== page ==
great adaptable and/or accessible resources and materials below this e-mail.

If you'd rather prepare your resources ahead of time, you can purchase 
adhesive numbers and letters which can be read using fingers, and you can 
get assistance with sticking the various sums onto large cardboard charts. 
This way you can present your lesson using premade materials and won't need 
to use any time finding the letters or numbers which you need. You can put 
braille under the numbers or letters on your large cardboard chart to make 
presenting the lesson easy. You just label each chart and change it as you 
move onto the next example.
The Parent Teacher Store often has these and they have a website where you 
can buy things, if you don't have a store near you. It's also likely that 
there would be plenty available on Amazon.

Furthermore, you don't have to present your lessons the way the classroom 
teacher does. For example, you could bring the students onto the carpet 
close to you in a group and you could present your lesson with them close 
up, so that they could easily see the smaller letters or numbers which you 
are putting on your magnetic board. This is such an important part of making 
your student teaching practicum successful. Find out what it is that they 
want you to teach and teach the lesson in a way that will make it possible 
for you to be at your best and successful, not trying to present lessons the 
way the sighted teachers do. Be sure to explain to your supervisor and 
classroom teacher that this part of your teacher training is about you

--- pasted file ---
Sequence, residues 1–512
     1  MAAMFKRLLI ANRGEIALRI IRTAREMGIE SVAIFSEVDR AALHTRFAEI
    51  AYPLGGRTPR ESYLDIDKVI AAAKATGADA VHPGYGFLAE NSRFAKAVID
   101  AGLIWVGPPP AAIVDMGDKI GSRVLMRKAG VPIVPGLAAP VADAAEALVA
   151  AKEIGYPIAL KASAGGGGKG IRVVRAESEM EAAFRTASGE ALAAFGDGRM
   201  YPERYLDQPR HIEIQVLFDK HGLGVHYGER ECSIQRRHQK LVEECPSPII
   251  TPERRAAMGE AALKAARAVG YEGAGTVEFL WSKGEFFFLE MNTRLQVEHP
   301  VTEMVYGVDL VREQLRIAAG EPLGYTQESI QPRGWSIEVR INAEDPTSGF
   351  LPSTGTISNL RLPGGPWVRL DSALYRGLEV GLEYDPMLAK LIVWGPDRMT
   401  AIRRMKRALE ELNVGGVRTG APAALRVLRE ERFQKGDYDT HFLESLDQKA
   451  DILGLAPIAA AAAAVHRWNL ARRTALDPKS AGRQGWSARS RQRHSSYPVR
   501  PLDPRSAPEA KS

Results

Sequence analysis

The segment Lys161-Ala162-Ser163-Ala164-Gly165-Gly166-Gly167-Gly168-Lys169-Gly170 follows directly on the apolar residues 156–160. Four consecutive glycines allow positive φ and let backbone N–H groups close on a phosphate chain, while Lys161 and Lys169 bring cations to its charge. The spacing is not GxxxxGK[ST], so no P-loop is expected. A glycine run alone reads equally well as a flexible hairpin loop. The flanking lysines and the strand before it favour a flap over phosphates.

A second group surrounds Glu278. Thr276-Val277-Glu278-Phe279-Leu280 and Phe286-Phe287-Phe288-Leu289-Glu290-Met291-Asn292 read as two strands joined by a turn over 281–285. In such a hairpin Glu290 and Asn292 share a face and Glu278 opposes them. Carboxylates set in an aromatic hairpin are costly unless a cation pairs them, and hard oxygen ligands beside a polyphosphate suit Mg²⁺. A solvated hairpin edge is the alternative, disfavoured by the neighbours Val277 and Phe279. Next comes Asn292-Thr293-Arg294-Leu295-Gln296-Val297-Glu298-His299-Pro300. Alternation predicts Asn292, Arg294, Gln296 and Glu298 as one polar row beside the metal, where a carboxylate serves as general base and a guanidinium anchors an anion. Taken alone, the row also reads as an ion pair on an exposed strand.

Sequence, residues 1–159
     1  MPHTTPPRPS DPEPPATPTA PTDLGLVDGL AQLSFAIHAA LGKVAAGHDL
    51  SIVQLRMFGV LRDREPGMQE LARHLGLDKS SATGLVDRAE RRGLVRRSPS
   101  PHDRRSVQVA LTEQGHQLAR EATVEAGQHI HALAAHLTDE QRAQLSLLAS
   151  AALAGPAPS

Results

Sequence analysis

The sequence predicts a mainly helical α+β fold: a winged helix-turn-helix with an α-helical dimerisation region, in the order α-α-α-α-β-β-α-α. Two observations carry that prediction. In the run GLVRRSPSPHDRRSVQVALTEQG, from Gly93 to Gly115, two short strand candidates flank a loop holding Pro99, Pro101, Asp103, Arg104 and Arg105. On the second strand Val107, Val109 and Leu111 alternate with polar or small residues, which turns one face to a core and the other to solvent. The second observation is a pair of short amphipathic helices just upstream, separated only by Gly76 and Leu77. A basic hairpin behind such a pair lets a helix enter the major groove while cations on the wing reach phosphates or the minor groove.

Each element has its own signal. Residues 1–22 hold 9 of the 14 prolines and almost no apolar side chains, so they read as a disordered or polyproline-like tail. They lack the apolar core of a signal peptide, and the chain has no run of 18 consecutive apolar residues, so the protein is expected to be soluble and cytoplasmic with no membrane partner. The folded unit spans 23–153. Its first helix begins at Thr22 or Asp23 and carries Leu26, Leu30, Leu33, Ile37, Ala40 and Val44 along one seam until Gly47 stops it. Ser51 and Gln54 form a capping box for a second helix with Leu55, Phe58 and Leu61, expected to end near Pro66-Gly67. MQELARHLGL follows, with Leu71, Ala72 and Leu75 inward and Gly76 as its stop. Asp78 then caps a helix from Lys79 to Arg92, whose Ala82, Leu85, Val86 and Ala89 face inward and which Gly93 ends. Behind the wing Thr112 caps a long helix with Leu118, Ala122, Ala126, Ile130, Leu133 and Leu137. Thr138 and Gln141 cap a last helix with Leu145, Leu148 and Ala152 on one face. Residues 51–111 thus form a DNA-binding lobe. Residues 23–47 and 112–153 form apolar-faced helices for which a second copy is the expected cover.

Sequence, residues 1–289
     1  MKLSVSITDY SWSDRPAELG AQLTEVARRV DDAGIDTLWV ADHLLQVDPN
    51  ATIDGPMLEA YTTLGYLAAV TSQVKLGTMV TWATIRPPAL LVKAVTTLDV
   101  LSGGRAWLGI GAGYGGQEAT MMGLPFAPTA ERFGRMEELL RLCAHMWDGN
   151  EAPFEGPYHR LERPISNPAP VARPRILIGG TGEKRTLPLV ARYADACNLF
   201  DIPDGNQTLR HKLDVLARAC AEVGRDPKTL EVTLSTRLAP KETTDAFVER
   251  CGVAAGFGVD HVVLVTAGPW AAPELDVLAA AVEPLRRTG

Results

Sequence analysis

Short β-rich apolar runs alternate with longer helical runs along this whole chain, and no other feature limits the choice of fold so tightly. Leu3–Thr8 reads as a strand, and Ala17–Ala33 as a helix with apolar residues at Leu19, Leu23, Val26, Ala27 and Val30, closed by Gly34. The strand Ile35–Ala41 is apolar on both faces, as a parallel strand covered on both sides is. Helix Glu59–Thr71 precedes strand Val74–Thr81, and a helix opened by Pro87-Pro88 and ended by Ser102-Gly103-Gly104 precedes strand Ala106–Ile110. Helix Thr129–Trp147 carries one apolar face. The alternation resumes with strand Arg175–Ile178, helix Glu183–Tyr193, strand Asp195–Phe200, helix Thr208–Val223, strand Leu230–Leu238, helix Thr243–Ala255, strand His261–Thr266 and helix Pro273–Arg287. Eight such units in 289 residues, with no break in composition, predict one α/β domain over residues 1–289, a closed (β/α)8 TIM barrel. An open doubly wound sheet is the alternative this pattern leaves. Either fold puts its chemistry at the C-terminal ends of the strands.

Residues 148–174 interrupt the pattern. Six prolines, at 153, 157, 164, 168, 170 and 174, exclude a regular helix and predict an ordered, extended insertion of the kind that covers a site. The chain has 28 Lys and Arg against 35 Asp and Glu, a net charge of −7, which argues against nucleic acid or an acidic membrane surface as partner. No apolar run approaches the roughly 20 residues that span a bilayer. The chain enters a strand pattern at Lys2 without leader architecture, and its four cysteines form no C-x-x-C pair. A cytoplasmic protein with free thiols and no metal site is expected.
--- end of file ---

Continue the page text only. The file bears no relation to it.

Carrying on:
finding what works for you as a blind teacher, and not about trying to prove 
that you can teach like a sighted person, which you neither want nor need to 
I hope some of this has been helpful to you, Tara.
Please don't hesitate to contact me to chat about ideas, suggestions etc. 
Tara. I would love to help.


Website information

The Lakeshore website is fairly accessible but they have an extremely 
helpful customer service department so it's often much quicker to call them 
and tell them what you're looking for and they'll help you locate it.

Oriental Trading Company is another company which offers lots of magnetic 
resources which are large enough to display on the board for a class, and 
have plenty of room on them to affix braille labels. For example, I have a 
frog life cycle set of pictures. I have brailled the info booklet so I can 
easily present the lesson.

Discount School Supply is an extremely good company with a lot of very good 
resources which are sold at an affordable price. However, the website is 
truly awful  and not accessible. They do have good customer service but, I 
have found, that it's much better to sit down with a sighted friend or 
colleague and explore what they have. I've discovered lots of neat resources 
there by just looking by category. I wouldn't have found it talking with 
customer service since I didn't know it existed.

I have several favourite websites where I buy all sorts of materials which I 
use in my classroom.
-----Original Message----- 
From: Tara Abella via NOBE-L
Sent: Friday, January 13, 2017 4:49 PM
To: National Organization of Blind Educators Mailing List
Cc: taranabella0 at gmail.com
Subject: [nobe-l] Writing on the board

Hi all,

I am student teaching in first grade and next week I will be completely 
taking over math and spelling. How does everyone handle writing on the dry 
erase board at the front of the room? I will be teaching greater than, less 
than, and equal to, so I need to be able to create problems and show 
examples for the students to see.


Tara Abella